PANAMA - Industry
Country Manager, Minera Panama
Todd Clewett is Country Manager for Minera Panama, the largest foreign investment in Panama’s history. He has been working in the mining industry for over eight years. He previously worked with Rio Tinto at the Oyu Tolgoi mine in Mongolia and in Papua New Guinea with the Ok Tedi mine. Clewett’s early career was in management consulting with McKinsey and Co., and with the government of Australia. He holds degrees in economics from the University of Sydney and in Public Administration from Harvard University.
One of the great things about the mining industry is how different the projects are. The last project I worked on was the Oyu Tolgoi mine in Mongolia for Rio Tinto. It was a copper mine of about the same scale as this one, but in the South Gobi desert, which regularly reaches 30 degrees below freezing. A lot of the infrastructure had to be built up to eight feet underground because water will freeze at anything above that. I worked before that at the Ok Tedi mine in Papua New Guinea, in one of the most remote parts of the world. Panama is warm and humid, and as a rapidly developing country it is a great place to start building a mine of this scale. There have been a few smaller mines that failed and made a negative impression on the community, the investors, and the government because they closed shop and walked away, leaving behind unpaid workers and environmental degradation. Panama is, therefore, somewhat cautious regarding mining. The operational challenges here are different from the challenges in Mongolia; in Mongolia there is no rain, whereas the location of the mine here receives 4-6m of rain every year. The area is set within a rainforest, so environmental management is critical. Environmental sensitivity is a major point of focus when operating in challenging climates. The mine in Papua New Guinea saw 10m of rain a year and was the second wettest place in the world.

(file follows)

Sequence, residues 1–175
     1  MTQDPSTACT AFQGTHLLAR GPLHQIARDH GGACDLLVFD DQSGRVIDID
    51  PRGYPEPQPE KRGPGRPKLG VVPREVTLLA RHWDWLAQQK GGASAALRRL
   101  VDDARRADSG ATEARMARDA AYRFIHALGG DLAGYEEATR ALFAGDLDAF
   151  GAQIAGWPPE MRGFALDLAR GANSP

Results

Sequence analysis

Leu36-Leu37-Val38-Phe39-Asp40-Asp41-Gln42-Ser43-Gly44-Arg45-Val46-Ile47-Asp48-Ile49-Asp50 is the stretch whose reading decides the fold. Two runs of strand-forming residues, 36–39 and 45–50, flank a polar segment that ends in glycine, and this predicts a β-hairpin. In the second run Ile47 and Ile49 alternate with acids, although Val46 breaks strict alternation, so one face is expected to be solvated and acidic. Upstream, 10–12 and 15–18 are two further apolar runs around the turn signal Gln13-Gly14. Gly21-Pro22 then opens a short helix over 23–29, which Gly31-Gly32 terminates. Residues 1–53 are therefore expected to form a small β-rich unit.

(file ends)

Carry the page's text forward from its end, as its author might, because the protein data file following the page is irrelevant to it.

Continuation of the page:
That is a definite challenge. This is a 40-year investment, and to invest billions of dollars years before seeing any return with no control of the selling price gives a sense of the courage that it takes to make these types of investments. The project is designed to withstand the fluctuations of copper prices, as it will be a relatively low-cost producer. As the price of copper fluctuates, Minera Panama can, should, and will be near the bottom of the cost curve, while more expensive mining operation will feel the heat first. Our contribution to Panama’s exports will change depending on the copper price, but it should be about $2 billion overall. Panama’s exports in 2015 were $800 million; therefore, the project alone more than triples Panama’s exports. We will be Panama’s largest single exporter by a factor of close to 10.
The project will directly contribute about 4% to GDP, triple the country’s exports, and directly employ 2,500 people, while indirectly employing up to 5,000 more. Having another plank of industry provides stability and diversity to the Panamanian economy. As we develop the mine, we will get a better understanding of the geology and the exact potential of the mine. The estimated 34-year lifespan is based on what we know now, but it is common for these lifespans to expand. That said, we are in the process of planning for closure, even if it takes 50 years. Our philosophy to date has been to rehabilitate areas if we are not going to use them anymore. The more detailed planning of what will happen to workers and the communities develops alongside the rest of the project. This is an endeavor that for the next 30 to 40 years will be the biggest employer in the Coclé region and will drive the economy. A young person coming out of university or high school today could start at our project and work there until they retire. This is a story not just for Panama, but for the whole region as well. It will provide this part of the world with huge economic growth for 40 years of generational growth, which is the real opportunity for Panama.
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